45 cents a day, according to the latest results from the research houses being monitored
by the Oakridge National Laboratory (ORNL).
Sensors reveal that heating costs for SIP homes were only half as much as those for a
comparably sized conventional wood frame house across the street. (The total heating
cost for one year was $92. The total cooling cost was $74.)
The results recorded by these test homes proves what the SIP industry has been saying
from the start—that this building system can make a home up to 70% more energy
efficient.
If the SIP construction system controlled more of the market, would it benefit the
environment? Consider a market the size of Dallas-Forth Worth, which saw a record
number of homes built for the year ending July 2004. This region saw a full 42,000 home
starts during this period, up 12% from the same period a year ago, according to
Residential Strategies, a Dallas research firm that analyzes the residential market. If all
of those were SIP homes using 70% less energy, it would be equivalent to taking nearly
71,000 vehicles off the streets of Dallas-Fort Worth--from CO2 emissions standpoint.

The Big Picture
What of the 2 million new home starts in the U.S.? If all these were SIP homes, it would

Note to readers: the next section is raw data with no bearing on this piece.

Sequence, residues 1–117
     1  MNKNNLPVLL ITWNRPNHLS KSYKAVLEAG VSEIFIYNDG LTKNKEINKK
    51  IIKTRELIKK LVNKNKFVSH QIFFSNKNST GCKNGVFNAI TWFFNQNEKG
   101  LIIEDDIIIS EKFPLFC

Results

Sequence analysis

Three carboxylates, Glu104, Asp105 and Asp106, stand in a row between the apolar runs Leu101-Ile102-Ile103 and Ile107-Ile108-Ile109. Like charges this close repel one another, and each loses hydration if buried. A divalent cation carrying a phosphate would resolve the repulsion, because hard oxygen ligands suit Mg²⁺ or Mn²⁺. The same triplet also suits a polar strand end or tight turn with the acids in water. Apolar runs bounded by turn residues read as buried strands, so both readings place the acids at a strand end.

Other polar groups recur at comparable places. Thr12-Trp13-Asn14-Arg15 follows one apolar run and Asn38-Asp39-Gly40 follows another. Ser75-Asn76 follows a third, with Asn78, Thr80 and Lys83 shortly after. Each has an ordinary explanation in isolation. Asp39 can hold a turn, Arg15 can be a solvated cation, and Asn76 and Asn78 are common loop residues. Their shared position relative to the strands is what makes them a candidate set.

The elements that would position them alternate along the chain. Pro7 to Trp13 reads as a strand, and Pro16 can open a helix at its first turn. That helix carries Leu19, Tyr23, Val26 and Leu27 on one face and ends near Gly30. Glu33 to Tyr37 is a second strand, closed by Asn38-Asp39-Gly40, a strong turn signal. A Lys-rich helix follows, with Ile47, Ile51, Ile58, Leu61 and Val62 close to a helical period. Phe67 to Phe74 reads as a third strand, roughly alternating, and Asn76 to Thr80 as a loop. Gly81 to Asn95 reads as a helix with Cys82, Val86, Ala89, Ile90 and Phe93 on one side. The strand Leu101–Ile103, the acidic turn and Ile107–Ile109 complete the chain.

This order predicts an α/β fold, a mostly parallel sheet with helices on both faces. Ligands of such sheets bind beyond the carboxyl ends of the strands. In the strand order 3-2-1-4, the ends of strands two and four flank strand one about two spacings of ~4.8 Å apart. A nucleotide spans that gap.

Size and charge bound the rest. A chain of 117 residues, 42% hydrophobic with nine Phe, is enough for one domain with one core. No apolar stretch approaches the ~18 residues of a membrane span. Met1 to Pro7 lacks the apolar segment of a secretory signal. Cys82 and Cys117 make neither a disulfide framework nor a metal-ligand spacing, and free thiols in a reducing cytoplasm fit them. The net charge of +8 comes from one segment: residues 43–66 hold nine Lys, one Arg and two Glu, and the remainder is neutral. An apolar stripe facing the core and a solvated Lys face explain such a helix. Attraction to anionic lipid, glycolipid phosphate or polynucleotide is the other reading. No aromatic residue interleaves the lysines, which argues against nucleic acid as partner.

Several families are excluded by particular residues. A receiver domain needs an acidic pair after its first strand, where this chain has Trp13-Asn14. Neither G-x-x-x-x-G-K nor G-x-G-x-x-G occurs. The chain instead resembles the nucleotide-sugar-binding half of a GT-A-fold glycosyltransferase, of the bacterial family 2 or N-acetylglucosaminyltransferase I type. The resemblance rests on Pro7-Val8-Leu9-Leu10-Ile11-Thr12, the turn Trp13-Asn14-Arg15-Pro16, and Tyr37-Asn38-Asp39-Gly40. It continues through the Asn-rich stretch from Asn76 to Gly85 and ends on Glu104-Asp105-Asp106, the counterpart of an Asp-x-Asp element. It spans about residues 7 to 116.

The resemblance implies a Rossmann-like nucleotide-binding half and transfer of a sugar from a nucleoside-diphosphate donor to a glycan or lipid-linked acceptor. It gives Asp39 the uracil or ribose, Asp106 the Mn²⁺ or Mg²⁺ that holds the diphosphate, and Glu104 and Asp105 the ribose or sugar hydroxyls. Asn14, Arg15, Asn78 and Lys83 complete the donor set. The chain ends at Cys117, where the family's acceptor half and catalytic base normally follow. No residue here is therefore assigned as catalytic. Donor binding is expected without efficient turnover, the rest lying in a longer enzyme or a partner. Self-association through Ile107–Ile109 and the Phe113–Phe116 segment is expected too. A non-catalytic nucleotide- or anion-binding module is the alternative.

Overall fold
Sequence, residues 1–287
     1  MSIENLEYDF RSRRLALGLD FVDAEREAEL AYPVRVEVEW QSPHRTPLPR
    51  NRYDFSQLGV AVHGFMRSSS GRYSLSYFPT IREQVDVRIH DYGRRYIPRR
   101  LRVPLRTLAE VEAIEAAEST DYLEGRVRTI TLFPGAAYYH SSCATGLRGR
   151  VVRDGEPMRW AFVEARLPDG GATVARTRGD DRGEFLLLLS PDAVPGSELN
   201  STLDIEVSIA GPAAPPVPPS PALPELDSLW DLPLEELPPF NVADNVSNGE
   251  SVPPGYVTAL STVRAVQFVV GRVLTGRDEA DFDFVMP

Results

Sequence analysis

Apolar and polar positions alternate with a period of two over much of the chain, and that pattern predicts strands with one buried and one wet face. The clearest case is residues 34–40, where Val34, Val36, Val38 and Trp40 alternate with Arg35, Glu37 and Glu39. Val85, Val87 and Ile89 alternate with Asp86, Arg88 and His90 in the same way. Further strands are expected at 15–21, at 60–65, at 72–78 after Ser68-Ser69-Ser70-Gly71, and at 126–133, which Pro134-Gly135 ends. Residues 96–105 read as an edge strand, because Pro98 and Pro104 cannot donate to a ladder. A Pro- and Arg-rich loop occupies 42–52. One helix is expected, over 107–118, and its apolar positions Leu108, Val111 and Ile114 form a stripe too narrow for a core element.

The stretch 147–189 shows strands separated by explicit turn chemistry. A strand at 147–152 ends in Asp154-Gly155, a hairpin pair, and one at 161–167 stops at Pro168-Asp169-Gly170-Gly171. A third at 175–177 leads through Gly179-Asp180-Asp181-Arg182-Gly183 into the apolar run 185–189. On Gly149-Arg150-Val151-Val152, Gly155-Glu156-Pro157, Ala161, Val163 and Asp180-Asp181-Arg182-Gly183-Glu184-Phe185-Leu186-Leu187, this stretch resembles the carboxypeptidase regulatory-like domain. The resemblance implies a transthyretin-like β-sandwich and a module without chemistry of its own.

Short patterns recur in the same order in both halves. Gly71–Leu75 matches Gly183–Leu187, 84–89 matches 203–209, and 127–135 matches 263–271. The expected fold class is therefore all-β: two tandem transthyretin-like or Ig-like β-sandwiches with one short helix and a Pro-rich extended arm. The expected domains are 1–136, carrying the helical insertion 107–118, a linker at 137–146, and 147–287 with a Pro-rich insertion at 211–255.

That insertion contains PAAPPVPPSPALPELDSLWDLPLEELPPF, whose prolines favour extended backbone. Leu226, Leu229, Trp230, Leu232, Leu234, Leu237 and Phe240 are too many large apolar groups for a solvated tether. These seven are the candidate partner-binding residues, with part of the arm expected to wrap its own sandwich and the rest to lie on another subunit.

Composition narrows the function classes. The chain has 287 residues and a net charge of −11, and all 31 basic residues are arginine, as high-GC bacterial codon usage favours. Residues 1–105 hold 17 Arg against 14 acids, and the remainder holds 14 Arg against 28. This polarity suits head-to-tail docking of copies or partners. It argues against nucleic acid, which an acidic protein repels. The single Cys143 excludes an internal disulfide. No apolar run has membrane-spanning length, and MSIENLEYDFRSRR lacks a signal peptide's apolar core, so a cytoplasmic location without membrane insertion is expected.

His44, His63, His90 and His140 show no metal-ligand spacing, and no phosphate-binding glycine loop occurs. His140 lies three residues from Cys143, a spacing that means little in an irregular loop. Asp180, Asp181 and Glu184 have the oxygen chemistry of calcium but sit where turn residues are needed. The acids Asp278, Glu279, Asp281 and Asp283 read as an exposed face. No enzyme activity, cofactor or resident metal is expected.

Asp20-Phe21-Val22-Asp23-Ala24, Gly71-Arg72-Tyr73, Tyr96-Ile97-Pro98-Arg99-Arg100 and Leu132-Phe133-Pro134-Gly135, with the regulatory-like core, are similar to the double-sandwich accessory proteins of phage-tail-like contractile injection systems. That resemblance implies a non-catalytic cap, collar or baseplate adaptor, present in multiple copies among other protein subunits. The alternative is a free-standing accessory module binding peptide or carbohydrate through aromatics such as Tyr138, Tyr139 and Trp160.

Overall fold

be equivalent to removing 3.1 million cars from our nation’s highways.
In addition to the lower energy use of SIP buildings resulting in fewer carbon emissions
every, SIPs are made with environmentally safe materials including oriented strand
board (OSB), foam insulation and sealants.
OSB skins are made using smaller, faster growing tree species such as aspen and
southern yellow pine, a renewable resource. The foam core insulation is recyclable, has
zero vapor permeability, and no physical degradation over time.
The SIP system is 15 times more air tight than typical wood frame construction resulting
in much less energy loss. That puts SIP construction on better terms with the
environment throughout its total life cycle making it a key component of sustainable
building practices and qualifying SIPs for many green building programs.
Other environmental benefits include a reduction in the size and cost of the heating and
cooling distribution system, and greatly reduced job site waste. This means less material
goes toward our landfills and less potential pollutants ending up in our water supply.
There are other savings—to the buyer’s bank account. The average household in the
U.S. spends about $1,300 each year on home energy, according to the U.S. Department
of Energy (DOE).
If a buyer were to opt for a SIP home over more conventional construction, he or she
would likely reduce their electric bill from $90 a month down to $45. If the buyer were to
invest that savings at a 4% return over 30 years (including a 2% annual increase in
electricity cost) the buyer would save $39,702 in 30 years—a tidy next egg for
retirement.
SIPs are good for the earth and good for our bank accounts as consumers. It’s a win-win
construction system.
About SIPA
The Structural Insulated Panel Association (SIPA) is a non-profit association representing
manufacturers, suppliers, fabricators/distributors, design professionals, and builders committed to
providing quality structural insulated panels for all segments of the construction industry.